By Andrew Liszewski
My gut instinct is that I can probably do without this 20-foot animatronic Triceratops available from none other than Hammacher Schlemmer. But I’m worried that if I don’t act now, I might not find one again at the low, low price of just $350,000. Especially one that was featured at the The Field Museum of Natural History in Chicago, and is not only animated, but actually responds to motion and onlookers.
Motion-activated cameras installed into each eye work in unison with customized interactive software that enables the Cretaceous creature to recognize multiple subjects’ facial features. Once identified, subjects’ tracked movements trigger a set of responses: it sways its tri-horned head right, left, up, and down, stomps and scuffs its right forelimb, and opens its jaws while growling–all powered by digitally controlled servos and silent, pneumatic air-activated cams. Its exterior is crafted by professional sculptors from polyurethane foam and textured silicone over a steel and aluminum frame, replicating the beast’s massive horned frill, powerful hindquarters, and tapered tail with convincing realism. The rumbles that issue from a hidden 1,000-watt speaker are based on paleontological approximations of what sounds the original 67 million year-old saurian might have vocalized.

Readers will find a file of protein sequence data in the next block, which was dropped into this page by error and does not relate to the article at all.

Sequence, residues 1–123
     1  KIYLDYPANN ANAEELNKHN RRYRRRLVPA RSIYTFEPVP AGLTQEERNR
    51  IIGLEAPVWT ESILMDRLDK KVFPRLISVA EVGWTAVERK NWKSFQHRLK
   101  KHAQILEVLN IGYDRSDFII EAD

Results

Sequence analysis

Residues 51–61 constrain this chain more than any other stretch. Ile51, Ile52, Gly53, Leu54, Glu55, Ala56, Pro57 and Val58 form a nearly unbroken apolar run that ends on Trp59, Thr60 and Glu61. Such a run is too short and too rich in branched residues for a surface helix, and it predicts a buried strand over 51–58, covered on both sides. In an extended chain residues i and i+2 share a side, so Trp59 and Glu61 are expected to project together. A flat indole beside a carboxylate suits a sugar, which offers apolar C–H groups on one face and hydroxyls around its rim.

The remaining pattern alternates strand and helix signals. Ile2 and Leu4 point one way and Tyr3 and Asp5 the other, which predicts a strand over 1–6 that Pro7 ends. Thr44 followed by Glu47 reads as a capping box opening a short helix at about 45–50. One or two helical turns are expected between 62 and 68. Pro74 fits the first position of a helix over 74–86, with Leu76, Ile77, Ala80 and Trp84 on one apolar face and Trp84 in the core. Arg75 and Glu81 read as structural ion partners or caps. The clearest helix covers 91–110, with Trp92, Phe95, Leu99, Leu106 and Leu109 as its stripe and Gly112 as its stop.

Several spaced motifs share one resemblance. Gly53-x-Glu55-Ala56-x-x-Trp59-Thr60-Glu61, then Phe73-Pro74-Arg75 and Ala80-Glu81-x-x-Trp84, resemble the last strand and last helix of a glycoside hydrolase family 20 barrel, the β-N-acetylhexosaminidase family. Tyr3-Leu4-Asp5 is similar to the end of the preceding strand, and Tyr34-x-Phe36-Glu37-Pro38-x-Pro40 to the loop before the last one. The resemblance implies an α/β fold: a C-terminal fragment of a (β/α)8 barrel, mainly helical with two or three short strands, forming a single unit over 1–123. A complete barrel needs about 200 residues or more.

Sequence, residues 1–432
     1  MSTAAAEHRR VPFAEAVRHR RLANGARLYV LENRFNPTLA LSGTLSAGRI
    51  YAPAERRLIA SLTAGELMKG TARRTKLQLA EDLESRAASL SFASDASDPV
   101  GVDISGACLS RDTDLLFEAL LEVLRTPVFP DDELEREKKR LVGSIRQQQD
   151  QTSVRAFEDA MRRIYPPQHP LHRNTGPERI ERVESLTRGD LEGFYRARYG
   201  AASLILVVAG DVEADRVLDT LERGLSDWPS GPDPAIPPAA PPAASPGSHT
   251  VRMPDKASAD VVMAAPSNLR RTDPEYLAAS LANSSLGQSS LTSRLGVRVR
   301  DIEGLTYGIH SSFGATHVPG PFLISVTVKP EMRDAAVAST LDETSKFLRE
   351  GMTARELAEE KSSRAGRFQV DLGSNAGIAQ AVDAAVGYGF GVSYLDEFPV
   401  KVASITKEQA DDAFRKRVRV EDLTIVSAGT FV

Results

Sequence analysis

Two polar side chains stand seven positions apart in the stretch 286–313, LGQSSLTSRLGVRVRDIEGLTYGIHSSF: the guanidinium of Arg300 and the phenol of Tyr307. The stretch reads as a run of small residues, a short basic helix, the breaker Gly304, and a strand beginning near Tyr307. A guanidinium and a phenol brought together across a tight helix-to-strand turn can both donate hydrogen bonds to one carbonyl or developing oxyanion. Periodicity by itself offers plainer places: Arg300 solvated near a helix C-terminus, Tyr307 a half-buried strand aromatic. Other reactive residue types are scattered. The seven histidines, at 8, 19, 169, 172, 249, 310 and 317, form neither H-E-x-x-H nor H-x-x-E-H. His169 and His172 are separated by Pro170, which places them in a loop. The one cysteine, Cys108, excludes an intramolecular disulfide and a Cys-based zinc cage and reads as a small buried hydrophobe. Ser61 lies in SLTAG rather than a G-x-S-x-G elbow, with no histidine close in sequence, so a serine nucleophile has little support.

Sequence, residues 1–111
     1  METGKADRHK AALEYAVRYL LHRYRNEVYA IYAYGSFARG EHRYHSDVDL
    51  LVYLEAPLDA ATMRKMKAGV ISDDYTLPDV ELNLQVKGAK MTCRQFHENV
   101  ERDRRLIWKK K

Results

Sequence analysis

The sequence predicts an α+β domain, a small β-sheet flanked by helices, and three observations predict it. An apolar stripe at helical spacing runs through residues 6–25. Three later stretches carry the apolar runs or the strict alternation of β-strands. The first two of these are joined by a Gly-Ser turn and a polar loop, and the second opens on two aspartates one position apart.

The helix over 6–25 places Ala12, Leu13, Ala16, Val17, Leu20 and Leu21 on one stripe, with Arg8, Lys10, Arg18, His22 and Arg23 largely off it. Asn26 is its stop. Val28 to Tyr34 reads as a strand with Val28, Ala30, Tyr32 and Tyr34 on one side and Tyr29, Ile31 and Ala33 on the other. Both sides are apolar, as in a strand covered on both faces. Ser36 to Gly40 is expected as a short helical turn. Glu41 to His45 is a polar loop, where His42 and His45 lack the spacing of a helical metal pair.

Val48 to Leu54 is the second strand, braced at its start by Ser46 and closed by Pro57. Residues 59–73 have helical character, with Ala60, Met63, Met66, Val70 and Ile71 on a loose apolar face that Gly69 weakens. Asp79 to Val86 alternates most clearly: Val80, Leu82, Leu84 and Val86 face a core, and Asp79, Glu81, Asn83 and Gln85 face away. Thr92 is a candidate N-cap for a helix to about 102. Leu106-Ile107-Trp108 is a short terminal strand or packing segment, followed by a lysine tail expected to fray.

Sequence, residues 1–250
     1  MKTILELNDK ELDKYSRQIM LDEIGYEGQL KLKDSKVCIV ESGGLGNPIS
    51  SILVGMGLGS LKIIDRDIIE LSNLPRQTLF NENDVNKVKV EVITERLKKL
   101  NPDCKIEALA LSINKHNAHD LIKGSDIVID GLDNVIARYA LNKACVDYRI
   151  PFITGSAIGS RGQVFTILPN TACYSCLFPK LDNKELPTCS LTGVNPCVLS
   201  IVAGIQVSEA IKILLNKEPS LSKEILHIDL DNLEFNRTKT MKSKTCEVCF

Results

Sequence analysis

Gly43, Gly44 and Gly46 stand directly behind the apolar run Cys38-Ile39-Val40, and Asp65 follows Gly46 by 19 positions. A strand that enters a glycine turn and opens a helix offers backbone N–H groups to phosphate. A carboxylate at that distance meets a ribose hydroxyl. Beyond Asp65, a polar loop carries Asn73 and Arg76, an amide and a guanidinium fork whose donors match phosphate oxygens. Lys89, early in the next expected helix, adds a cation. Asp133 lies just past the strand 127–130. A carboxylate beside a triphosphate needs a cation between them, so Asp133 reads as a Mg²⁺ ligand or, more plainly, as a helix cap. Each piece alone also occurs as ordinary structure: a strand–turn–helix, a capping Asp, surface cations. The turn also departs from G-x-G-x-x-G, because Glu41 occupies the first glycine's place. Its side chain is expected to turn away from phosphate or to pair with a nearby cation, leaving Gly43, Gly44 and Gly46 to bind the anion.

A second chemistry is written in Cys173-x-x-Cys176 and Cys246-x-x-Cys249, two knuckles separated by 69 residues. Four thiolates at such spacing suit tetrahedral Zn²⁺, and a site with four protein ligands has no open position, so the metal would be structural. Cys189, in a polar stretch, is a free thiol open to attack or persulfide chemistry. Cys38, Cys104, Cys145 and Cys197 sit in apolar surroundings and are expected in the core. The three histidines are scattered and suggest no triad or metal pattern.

And even though I don’t have a license to charge people admission to see it, I still think it would make for a better alternative to a garden gnome.